Lithium deposit found in the US may contain 120 million tons

A lithium-rich zone has been identified along the Nevada–Oregon border and could meet surging demand for the metal.
Sejal Sharma
Representational image of Lithium
Representational image of Lithium


The impacts of climate change and global warming have prompted governments and industries to shift towards a more sustainable approach to just about everything. From electric vehicles to power generation via solar panels and wind turbines, technologies are rapidly adapting.

These technologies, however, require lithium-ion batteries to store energy and power everything from EVs to mobile phones. The forecasted demand for Lithium by the year 2040 would be 1 million metric tons, an eight-fold increase from total global 2022 production.

So, it’s good news that the world's largest lithium deposit has just been discovered inside an extinct volcano in the United States. Volcanologists have reported that along the border of Nevada and Oregon, in a volcanic crater called the McDermitt caldera, there are up to 120 million tonnes of lithium.

World's largest lithium deposit

The lithium-rich zone has only been identified in the southern half of the caldera at Thacker Pass and immediately to the north in the Montana Mountains, reported the researchers in their study.

High concentrations of Lithium in the sediments at McDermitt caldera have been documented by several companies and researchers since the 1970s. The study says that the lithium inventory contained in McDermitt caldera sediments is at least at par with, if not larger than, the lithium found in the Bolivian salt flat, which was previously considered the largest lithium deposit on Earth.

Geologist Anouk Borst, who was not associated with the study, told Chemistry World, “If you believe their back-of-the-envelope estimation, this is a very, very significant deposit of lithium. It could change the dynamics of lithium globally, in terms of price, security of supply and geopolitics.”

Often called ‘white gold,’ concerns have been raised over the lack of abundance of lithium to meet the requirements of the EV industry and renewable energy sources. It’s become a critical resource for green technology; however, it is not abundant or evenly distributed like fuel. It was estimated that the lithium supply would fall short by 2025, but with this discovery, things could change.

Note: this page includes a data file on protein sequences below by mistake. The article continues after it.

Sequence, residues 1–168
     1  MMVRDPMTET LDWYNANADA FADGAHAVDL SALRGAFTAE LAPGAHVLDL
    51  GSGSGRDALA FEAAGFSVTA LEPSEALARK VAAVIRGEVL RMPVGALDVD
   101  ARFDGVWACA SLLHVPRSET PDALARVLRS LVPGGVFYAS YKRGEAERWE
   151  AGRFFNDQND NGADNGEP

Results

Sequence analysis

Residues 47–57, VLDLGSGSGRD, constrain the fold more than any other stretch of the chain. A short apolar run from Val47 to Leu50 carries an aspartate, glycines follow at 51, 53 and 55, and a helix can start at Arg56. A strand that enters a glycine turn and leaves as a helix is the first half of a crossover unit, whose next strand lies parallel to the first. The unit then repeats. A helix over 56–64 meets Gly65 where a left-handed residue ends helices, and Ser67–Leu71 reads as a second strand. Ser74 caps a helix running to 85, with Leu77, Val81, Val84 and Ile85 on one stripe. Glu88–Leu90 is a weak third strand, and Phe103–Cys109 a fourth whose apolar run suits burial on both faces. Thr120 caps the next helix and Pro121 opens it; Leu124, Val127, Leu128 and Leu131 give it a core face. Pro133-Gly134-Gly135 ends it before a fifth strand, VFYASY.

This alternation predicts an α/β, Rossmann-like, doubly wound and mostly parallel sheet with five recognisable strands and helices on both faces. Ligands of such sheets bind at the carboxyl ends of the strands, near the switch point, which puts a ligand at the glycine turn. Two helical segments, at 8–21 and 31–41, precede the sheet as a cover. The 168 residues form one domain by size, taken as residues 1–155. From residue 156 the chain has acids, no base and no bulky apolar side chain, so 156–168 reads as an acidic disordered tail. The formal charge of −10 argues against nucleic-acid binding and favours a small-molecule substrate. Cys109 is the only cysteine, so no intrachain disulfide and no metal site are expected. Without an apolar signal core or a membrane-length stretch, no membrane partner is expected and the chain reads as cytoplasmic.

Up to 120 million tons of lithium

The high tonnage of lithium is due to the consistently high lithium concentrations measured in lake sediments. Analysis by scientists reveals that claystone composed of the mineral illite contains 1.3% to 2.4% of lithium in the volcanic crater. What surprised the scientists was that this is almost double the lithium present in the main lithium-bearing clay mineral – magnesium smectite, which is more common than illite.

“If they can extract the lithium in a very low energy intensive way, or in a process that does not consume much acid, then this can be economically very significant,” added Borst. “The US would have its own supply of lithium and industries would be less scared about supply shortages.”

Thomas Benson, a geologist at Lithium Americas Corporation who co-wrote the new study, expects that mining can begin at the McDermitt Caldera by 2026, reported the New York Post.

The study was published in Geology.

Study abstract:

Developing a sustainable supply chain for the global proliferation of lithium ion batteries in electric vehicles and grid storage necessitates the extraction of lithium resources that minimize local environmental impacts. Volcano sedimentary lithium resources have the potential to meet this requirement, as they tend to be shallow, high-tonnage deposits with low waste:ore strip ratios. Illite-bearing Miocene lacustrine sediments within the southern portion of McDermitt caldera (USA) at Thacker Pass contain extremely high lithium grades (up to ~1 weight % of Li), more than double the whole-rock concentration of lithium in smectite-rich claystones in the caldera and other known claystone lithium resources globally (<0.4 weight % of Li). Illite concentrations measured in situ range from ~1.3 to 2.4 weight % of Li within fluorine-rich illitic claystones. The unique lithium enrichment of illite at Thacker Pass resulted from secondary lithium- and fluorine-bearing hydrothermal alteration of primary neoformed smectite-bearing sediments, a phenomenon not previously identified.

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